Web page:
The Witcher 2 Developer Diary Interview
By Jimmy Thang
Following the recent release of The Witcher 2’s video developer diary on character design, we were able to conduct a follow-up interview with the game’s senior producer Tomasz Gop to go more in-depth with CD Projekt RED’s design philosophy.
In this exclusive Q&A, Gop addresses the fantasy RPG’s Tolkien-esque comparisons, accuracy to its source material, and explains the team’s reasoning for paralleling The Witcher 2’s evil factions to real-life groups like The Third Reich.
For those unfamiliar with the highly-anticipated game, The Witcher 2 is a sequel to 2007’s well-received The Witcher. The over-the-shoulder action RPGs are based on the works of esteemed Polish writer Andrezej Sapkowski and have gamers playing as Witcher “Geralt of Rivia.” Witchers are people who’ve had their bodies modified with supernatural abilities to battle monsters. As fantastical as these tales may be, the mature stories often touch upon dark issues such as oppression and discrimination.
GeForce.com: Are all the locations in The Witcher 2 based on actual locations from Andrezej Sapkowski’s books?
Tomasz Gop: Pretty much, yeah. All of them have been tweaked towards adapting it for a computer game. Some others have been enriched with places and features that give us possibilities to tell the story and/or give some extra exploration to the players. But basically, that's still Sapkowski's world.
On that same note, are all the factions in The Witcher 2 accurate to the books?
Definitely, all the kingdoms have already been described, all the political situation, even when changing, still is bound by rules created by the author. That's just a comfortable situation for us, to base the game upon a non-generic world.
Who comes up with the character designs? The graphic artists? The writers? A combination of multiple people?
Combination, for sure. At first, the story writers come up with the idea that we actually will use some faction in the game, or some particular character. There are even characters completely created by us. Then the rest of the work is up to artists (of course, with designers' and writers' feedback). If some character or faction has already been present in our game previously, the job is easy, because we already know the overall look, but if it's someone new, we definitely need brainstorms.
In designing the look of the characters, did you guys go by some descriptions set forth by Sapkowski or did you have to do some interpreting?
Not everything is described in the books with enough level of detail. There's always field for interpretation, and additionally some of the characters that we've used have been mentioned in the books really briefly.
Games that are developed for American audiences that don’t use American voice actors are sometimes frowned upon if executed poorly. As a Polish game developer, how important is vocal localization for CD Projekt RED Studio?
Probably, as for most RPG games, dialogues and voices are the key factor towards good perception. I think we've already proven with The Witcher (especially the Enhanced Edition) that it can be done. And we haven't forgotten how. :)
This developer diary makes references The Lord of the Rings franchise many times. How big of an impact did Tolkein’s fantasy epic have on the development of The Witcher 2?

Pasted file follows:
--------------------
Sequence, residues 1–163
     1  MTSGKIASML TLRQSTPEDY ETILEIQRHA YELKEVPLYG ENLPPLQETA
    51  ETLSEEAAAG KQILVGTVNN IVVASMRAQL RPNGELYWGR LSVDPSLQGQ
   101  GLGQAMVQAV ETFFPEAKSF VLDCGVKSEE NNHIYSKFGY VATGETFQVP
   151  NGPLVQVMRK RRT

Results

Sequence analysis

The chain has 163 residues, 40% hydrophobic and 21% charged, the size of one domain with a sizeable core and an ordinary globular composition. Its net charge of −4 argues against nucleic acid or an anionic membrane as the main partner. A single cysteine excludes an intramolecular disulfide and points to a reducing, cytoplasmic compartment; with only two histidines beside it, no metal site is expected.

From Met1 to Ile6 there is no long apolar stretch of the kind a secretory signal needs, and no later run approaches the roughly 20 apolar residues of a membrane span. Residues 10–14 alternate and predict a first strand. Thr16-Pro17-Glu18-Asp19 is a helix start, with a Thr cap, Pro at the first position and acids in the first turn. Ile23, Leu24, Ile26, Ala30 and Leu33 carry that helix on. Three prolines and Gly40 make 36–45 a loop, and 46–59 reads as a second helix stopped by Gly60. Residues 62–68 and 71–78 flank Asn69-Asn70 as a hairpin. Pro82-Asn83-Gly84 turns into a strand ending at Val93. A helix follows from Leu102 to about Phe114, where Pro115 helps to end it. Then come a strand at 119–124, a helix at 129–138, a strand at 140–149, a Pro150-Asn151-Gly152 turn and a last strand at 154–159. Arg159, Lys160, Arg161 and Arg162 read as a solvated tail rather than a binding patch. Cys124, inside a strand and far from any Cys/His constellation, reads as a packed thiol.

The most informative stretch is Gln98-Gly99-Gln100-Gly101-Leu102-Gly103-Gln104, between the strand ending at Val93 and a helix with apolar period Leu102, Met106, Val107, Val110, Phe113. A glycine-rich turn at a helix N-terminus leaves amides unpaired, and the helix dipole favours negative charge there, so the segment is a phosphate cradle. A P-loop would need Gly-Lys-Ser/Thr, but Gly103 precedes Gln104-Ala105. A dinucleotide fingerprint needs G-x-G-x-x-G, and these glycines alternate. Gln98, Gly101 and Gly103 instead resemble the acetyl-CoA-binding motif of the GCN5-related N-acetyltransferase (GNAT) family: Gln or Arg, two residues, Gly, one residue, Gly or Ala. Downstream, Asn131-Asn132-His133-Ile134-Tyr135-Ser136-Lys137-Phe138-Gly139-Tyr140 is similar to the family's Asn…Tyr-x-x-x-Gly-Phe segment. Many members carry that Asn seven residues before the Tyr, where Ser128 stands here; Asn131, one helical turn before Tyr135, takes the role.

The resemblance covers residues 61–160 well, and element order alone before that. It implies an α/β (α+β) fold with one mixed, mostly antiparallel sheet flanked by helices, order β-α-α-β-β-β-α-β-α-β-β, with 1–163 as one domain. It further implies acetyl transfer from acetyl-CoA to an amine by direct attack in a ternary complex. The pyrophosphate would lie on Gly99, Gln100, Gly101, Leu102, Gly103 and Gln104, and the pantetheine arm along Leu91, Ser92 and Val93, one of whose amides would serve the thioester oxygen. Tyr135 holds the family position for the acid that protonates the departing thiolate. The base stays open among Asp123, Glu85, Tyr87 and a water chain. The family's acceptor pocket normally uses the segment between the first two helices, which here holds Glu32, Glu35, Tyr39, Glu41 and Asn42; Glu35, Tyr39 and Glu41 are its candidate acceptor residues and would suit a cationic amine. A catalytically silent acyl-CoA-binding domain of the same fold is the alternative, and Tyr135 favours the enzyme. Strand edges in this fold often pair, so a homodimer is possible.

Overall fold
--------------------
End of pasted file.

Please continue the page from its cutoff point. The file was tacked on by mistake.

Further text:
I'd say it's rather a contrary type of reference... Sapkowski did fantasy for sure, but it seems like anything but Tolkien's kind. Tolkien isn't worse in any aspect, it's just different. That's why comparisons to Tolkien are used to show what might be unexpected for everyone who's used to seeing fantasy world as Tolkien described... or have not heard about Sapkowski whatsoever.
This developer diary mentions the conquistadors and The Third Reich. Does CD Projekt RED Studio feel like by drawing parallels to real-life groups makes for a more meaningful and impactful narrative?
It's more of bringing the process of creating game closer to the players. I always believed that it's a good idea to give examples on what inspired people that did what they did. In this case, especially for people who don't really dig 'all that fairytale fantasy stuff', describing things closer to what's familiar to them is more... communicative.
The developer diary mentions that The Witcher 2 will introduce characters not featured in the books. Was this a scary decision?
Not at all. For starters, it's a game, not the books, so we need characters that would not always fit the books. Other thing is the creativity - there are just so many ideas, all we need to care about is to make sure it's all consistent. For example, character called Vernon Roche - a royal spy of Temerian's king Foltest. He's not from the books but from the feedback we have from media and fans it seems, people bought it.
Additionally, did CD Projekt RED Studio ever have to deviate or re-interpret characters from the book series to fit the mold of the game?
No, but I guess there are people who think we did. As mentioned before, consistency is always very important for us. We just know that things worked well in Sapkowski's books so the world is though out right. We always base what we do on how it initially got invented.
In the video, you guys say you hope The Witcher author Andrezej Sapkowski will like the sequel. Did he ever play the first one? If so, what did he think?
He didn't play the first one himself, but yes - he saw the game (even in our studio) and he liked it. This last part of a movie was probably more of a hope that one day he'll try playing The Witcher (or the sequel). Even though he's not a gamer himself.